Failure of VSD voltage output waveforms on motors
|Photo: Cephas Mutize, Sasol/Stellenbosch University
Current waveforms are important because they determine the effect of the Variable Speed Drive (VSD) current on the supply, and the VSD output current is the primary factor that affects thermal aspects of the driven motor. While the latter current harmonics are crucial because they determine the increased operating temperature of the motor -the high frequency components of the VSD voltage waveform stress most sections of the motor insulation to extents that can cause infant failures in serious cases, and even medium- to long-term failures in the case of over-voltage VSD effects (as opposed to purely high-frequency effects).
Naturally – understanding and hence mitigating these high frequency effects can lead to greatly improved motor long-term reliability – or even reduce infant failures – of VSD driven motors. Reliability of the latter has undoubtedly improved drastically over the last decade – but there is still a lack of appreciation for why this is the case, and there are still failures related to misapplication – especially in the case of VSD retrofits to existing motors.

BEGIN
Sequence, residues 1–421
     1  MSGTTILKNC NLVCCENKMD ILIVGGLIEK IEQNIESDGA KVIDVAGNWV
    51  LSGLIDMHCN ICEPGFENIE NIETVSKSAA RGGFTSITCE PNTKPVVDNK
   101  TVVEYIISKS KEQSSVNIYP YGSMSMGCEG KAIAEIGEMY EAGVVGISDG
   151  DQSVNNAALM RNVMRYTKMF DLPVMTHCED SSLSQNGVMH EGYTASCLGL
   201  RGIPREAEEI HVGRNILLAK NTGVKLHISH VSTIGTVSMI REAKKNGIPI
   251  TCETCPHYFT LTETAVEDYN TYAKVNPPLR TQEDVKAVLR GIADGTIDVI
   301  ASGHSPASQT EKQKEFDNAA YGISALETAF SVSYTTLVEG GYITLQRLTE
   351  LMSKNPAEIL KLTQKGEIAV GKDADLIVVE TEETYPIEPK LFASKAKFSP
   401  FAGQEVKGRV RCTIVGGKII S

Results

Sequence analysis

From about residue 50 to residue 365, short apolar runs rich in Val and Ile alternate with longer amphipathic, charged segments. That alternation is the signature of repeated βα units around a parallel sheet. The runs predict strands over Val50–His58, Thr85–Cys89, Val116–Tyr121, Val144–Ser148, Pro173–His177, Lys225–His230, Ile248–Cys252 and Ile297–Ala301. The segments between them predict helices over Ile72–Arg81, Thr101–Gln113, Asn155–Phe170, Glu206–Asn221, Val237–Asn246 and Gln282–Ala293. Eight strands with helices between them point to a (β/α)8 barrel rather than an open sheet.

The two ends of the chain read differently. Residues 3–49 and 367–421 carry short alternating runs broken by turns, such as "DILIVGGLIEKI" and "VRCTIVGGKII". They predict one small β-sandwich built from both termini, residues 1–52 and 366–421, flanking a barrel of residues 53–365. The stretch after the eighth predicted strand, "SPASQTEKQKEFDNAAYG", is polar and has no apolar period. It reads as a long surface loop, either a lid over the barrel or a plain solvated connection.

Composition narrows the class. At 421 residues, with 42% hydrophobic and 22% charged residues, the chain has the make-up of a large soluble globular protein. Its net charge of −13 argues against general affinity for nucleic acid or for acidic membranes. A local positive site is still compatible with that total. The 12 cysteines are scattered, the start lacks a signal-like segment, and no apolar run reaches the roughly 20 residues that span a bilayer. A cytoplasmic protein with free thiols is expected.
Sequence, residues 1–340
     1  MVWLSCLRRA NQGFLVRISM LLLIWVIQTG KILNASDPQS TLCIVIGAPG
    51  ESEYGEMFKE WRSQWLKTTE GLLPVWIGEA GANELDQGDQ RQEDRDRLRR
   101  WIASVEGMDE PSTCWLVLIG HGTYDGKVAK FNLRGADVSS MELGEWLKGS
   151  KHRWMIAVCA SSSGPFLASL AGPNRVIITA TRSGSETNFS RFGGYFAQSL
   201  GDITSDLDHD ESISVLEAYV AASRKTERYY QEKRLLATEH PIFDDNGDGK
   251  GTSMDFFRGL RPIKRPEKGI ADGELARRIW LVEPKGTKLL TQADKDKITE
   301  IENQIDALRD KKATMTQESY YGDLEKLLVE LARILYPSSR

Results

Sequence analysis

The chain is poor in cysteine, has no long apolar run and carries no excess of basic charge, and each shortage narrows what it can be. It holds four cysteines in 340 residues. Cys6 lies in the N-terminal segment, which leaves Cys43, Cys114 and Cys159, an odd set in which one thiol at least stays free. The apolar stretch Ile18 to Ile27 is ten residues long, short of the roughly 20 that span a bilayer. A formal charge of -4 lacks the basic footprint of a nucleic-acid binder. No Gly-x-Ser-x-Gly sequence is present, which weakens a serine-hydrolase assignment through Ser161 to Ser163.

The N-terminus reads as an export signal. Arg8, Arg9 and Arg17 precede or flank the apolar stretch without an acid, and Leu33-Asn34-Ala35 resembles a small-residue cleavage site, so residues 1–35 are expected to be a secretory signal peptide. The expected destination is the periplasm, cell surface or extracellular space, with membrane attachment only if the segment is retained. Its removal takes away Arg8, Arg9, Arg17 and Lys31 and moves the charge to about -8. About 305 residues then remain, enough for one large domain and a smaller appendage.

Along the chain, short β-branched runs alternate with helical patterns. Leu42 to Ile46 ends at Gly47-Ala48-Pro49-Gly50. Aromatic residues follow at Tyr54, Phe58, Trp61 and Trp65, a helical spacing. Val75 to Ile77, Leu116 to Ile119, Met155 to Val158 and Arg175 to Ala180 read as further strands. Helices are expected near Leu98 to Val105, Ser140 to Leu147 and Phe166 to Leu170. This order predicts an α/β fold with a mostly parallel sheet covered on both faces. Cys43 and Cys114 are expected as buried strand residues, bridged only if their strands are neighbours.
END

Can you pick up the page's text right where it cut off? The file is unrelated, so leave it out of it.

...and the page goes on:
- ‘Good judgement comes from experience – but a lot of that comes from bad judgement’.
- While VSD current waveforms are important for both the supply and the motor, often the output voltage waveform is not considered.
- Motor insulation is affected by voltage – and hence the voltage waveform must be understood.
A closer look at VSD voltage output waveforms
… and their failure effects on motors
By R Melaia, LH Marthinusen
Electricity+Control, August 2012 (pgs 22 – 26)